ECT upcycles soil excavated from sites in the Île-de-France region. Our work is an application of ‘circular economics’. [Note: Circular economics uses maximum recycling with the minimum addition of raw materials, water and energy, unlike the extraction-manufacture-consumption-disposal model of linear economics.] That’s why, for ECT, the two core issues of certification are:

  • To demonstrate to interested parties our commitment to the protection of the environment

How? As regards the quality of materials we re-use, by reinforcing the chain of traceability. On our operational sites, by upcycling soil on many useful and collaborative development projects. During the design phase, by undertaking land-use developments that promote biodiversity and respect the landscape. And our R&D is focused on the recycling of spoil. ‘Urbafertil’, ECT’s fertile substrate, is a successful demonstration of this.

  • To evaluate the impacts of our work on the environment

By assessing impacts, we are able to apply initiatives to minimise or eliminate them. On those of our sites where soil is upcycled, for example, we measure air quality and acoustic impact relating to movements of trucks and the use of earthmoving plant.

How do you get ISO 14001 certification?

By implementing, within the business, an environmental approach based on a management system. Our environmental management system (the Système de Management Environmental or SME) meets the requirements of the 2015 edition of ISO 14001. An accredited certification body comes to check that our work and our sites are compliant with these requirements. INTERTEK is the certification body for ECT. Each certificate lasts 3 years, with an audit every year.

What does your role as ECT’s environmental project officer involve?

It’s a wonderful role! I have to manage the SME and constantly adapt it to the work being done. I work with the departments concerned to put indicators and corrective action in place. My objective is to keep ECT working within a framework of continual improvement: Keeping our promises and standardising our best practices. The business has also looked into an ecosystems qualification relating to the impact of its projects. It’s a real challenge to align this with our SME.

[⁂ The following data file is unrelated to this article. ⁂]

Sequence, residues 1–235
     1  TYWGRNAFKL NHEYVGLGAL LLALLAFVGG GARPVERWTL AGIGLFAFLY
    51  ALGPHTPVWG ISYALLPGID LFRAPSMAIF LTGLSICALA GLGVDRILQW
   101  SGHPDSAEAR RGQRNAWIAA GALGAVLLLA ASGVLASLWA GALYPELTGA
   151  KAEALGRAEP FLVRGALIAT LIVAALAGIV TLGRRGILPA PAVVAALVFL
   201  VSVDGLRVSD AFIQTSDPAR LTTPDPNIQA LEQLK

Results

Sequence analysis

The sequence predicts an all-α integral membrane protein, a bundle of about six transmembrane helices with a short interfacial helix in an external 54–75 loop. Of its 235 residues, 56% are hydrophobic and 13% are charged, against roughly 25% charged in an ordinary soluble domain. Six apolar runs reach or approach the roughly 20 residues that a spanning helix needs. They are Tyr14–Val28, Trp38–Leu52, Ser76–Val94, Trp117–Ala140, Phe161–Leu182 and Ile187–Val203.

For ECT’s ISO 14001 certificate, click here


2nd Regional Forum on Combating Illegal Dumping

A forum to support communities and local authorities 

The situation is just getting worse. Illegal dumping or fly-tipping is a national scourge and it is increasing. Alongside illegal occupation of land, illegal dumping is increasingly intense. This antisocial activity destroys the landscape and the environment. The assessment and removal of waste is very expensive for public authorities, and so is the rehabilitation and redevelopment of sites. It was in this context of support for communities and local authorities that the Île-de-France region organised, on 3 December 2020, the 2nd Forum on Combating Illegal Dumping (‘Forum de Lutte contre les Dépôts Sauvages’).

ECT’s involvement: Rehabilitating and bringing nature back to a site where there has been illegal dumping in the Val d’Oise département.

Laurent MOGNO, chairman of ECT and Clara DIDIER, ECT’s director of projects, presented this project to the interested parties: